- Stop all reminders about using the toilet: Let your child decide when she needs to go to the bathroom. Don’t remind her to go to the bathroom nor ask if she needs to go. She knows what it feels like when she has to pee or poop and where the bathroom is. Reminders are a form of pressure, and pressure keeps the power struggle going. Stop all practice runs and never make her sit on the toilet against her will because these tactics always increase resistance. Don’t accompany your child into the bathroom or stand with her by the potty chair unless she asks you to. Don’t even remind your child to use the potty even when she’s squirming or dancing to hold back the urine. She needs to gain the feeling of success that comes from doing it her way.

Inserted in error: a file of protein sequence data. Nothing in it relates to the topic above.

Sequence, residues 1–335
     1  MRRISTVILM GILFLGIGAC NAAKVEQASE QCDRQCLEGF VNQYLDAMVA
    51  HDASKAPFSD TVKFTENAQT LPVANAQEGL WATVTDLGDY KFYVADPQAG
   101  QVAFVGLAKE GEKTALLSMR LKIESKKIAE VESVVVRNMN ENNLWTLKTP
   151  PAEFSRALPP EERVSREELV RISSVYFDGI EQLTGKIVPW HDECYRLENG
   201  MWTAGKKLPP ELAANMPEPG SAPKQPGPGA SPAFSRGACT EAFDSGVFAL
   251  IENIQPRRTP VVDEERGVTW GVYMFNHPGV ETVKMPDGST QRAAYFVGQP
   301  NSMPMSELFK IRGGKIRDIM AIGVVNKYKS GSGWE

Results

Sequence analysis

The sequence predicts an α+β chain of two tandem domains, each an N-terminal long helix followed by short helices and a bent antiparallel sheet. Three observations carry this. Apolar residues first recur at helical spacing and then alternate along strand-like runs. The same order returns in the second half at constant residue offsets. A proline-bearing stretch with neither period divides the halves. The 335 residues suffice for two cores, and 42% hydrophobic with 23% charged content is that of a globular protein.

- Give incentives for using the toilet: Your main job is to find the right incentive. Ask for your child’s input: “what would help you to remember to use the toilet?” Special incentives, such as favorite sweets or stickers, can be useful. When encouraging your child to use the toilet for bowel movements, initially err on the side of giving too much (several food treats each time). You can increase the potency of incentives by reducing your child’s access to them except when she uses the toilet. Give the incentive immediately after the child releases urine or stool into the toilet. In addition, give positive feedback, such as praise and hugs, every time your child uses the toilet.